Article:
No result found
Guidestar by Candid;
Performance measurement is an important dilemma facing the philanthropic sector. Charities with similar missions may operate in parallel but lack shared, validated yardsticks with which to assess their social impact and efficiency. Other sectors facing similar needs have made notable strides in performance measurement. Healthcare, in particular, offers a useful analogy. Considerable recent progress in healthcare performance measurement invites emulation. This paper examines these developments and how the nonprofit sector can adapt them to benchmark performance.
Guidestar by Candid;
The nonprofit sector accounts for more than $1 trillion in economic activity, employs 11 million people, and receives $300 billion in charitable gifts annually. There seems, however, to be no clear way to gauge how well these resources are being used. When it comes to information on how nonprofits perform, there is insufficient transparency, access, quality, and utility. It doesn't have to be this way. If we can collect the right data and create the right analytics, we could pinpoint the highest performers. That will consequently lead to better decision making and more efficient allocation of resources, which ultimately will provide greater value to those in need. This paper explores how the world of philanthropy can learn valuable lessons from an unlikely sector: the financial services industry.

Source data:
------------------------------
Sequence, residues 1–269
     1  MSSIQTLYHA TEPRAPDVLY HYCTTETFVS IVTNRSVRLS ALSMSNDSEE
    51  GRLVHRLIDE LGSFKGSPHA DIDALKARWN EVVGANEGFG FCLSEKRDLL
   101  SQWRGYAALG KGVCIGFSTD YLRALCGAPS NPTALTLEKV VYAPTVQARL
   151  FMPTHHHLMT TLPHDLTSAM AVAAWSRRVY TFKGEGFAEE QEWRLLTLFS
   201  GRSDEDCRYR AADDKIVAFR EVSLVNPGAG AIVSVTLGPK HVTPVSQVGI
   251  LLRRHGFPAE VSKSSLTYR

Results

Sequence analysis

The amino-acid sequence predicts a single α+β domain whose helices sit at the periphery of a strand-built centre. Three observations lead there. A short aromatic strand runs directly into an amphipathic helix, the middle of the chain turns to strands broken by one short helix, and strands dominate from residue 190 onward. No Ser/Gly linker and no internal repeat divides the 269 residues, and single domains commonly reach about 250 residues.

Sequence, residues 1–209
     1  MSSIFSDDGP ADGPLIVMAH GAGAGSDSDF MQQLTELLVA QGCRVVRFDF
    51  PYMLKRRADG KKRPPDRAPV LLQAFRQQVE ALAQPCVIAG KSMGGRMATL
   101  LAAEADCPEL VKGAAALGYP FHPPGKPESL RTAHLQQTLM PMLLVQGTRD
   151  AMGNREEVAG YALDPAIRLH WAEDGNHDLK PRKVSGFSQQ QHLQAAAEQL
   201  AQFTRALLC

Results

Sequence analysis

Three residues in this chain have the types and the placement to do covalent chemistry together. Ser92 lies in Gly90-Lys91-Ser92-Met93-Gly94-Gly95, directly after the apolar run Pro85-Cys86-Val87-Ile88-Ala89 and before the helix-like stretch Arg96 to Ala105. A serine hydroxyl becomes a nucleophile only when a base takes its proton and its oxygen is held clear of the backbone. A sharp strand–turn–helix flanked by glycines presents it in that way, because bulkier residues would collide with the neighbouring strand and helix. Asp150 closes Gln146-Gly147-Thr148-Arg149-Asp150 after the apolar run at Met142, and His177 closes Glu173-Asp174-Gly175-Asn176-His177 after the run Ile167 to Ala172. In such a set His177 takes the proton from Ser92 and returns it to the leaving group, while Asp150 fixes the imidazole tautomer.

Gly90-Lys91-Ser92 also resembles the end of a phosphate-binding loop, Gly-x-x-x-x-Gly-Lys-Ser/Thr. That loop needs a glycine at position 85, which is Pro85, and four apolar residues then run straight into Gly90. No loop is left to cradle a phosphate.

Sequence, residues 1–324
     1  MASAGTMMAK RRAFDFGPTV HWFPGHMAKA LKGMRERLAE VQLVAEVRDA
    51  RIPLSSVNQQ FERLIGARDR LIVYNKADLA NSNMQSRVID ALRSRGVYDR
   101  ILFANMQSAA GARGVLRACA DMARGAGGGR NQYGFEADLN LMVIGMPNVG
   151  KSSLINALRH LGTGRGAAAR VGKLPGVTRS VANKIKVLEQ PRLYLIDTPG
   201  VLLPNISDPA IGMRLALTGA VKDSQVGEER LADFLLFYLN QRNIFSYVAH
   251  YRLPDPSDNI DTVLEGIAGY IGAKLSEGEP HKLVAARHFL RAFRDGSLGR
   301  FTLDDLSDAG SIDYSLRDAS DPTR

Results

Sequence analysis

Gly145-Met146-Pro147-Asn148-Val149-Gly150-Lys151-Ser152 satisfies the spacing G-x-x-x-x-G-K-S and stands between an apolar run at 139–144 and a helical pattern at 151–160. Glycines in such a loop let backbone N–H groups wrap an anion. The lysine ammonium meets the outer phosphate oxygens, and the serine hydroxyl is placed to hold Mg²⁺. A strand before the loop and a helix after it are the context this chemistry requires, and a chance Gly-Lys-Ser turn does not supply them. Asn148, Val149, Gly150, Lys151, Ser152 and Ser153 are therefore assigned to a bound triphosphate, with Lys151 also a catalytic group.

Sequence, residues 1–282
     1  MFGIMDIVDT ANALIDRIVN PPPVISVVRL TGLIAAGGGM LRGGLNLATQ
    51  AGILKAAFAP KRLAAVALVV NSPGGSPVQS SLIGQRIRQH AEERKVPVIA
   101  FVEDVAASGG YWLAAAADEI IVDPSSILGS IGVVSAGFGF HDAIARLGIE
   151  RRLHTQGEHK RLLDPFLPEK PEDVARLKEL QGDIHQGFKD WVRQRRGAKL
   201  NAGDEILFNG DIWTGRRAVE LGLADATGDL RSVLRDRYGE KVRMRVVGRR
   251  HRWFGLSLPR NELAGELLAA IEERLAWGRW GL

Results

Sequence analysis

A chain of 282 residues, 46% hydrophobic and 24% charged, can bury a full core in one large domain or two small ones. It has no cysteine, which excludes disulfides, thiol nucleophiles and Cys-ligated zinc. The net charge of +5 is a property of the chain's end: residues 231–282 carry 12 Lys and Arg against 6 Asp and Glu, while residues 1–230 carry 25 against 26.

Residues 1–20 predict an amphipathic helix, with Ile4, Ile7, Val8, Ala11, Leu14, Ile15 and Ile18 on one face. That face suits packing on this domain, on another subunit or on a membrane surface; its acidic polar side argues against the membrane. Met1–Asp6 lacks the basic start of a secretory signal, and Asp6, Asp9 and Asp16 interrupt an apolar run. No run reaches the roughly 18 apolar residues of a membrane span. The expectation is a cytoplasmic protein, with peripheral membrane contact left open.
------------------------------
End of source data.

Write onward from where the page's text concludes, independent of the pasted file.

Form 990, the reporting form larger nonprofits must file annually with the IRS, contains a wealth of information. It can be difficult to navigate, however. This paper reviews the parts of the form, identifies the fields people find most useful, and provides tips for deciphering the information in the 990.
Guidestar by Candid;
Donors, journalists, and members of Congress frequently express outrage at the salaries nonprofit CEOs receive, especially if they head nonprofits that receive donations from the public. Excessive compensation can also draw fire from the IRS. This paper outlines what the IRS permits in setting nonprofit executive compensation, the consequences of failing to comply with the regulations, how nonprofit board members can protect themselves and the organizations they serve, the kind of data compensation decisions should be based on, and the importance of reporting compensation accurately in annual IRS filings.
Guidestar by Candid;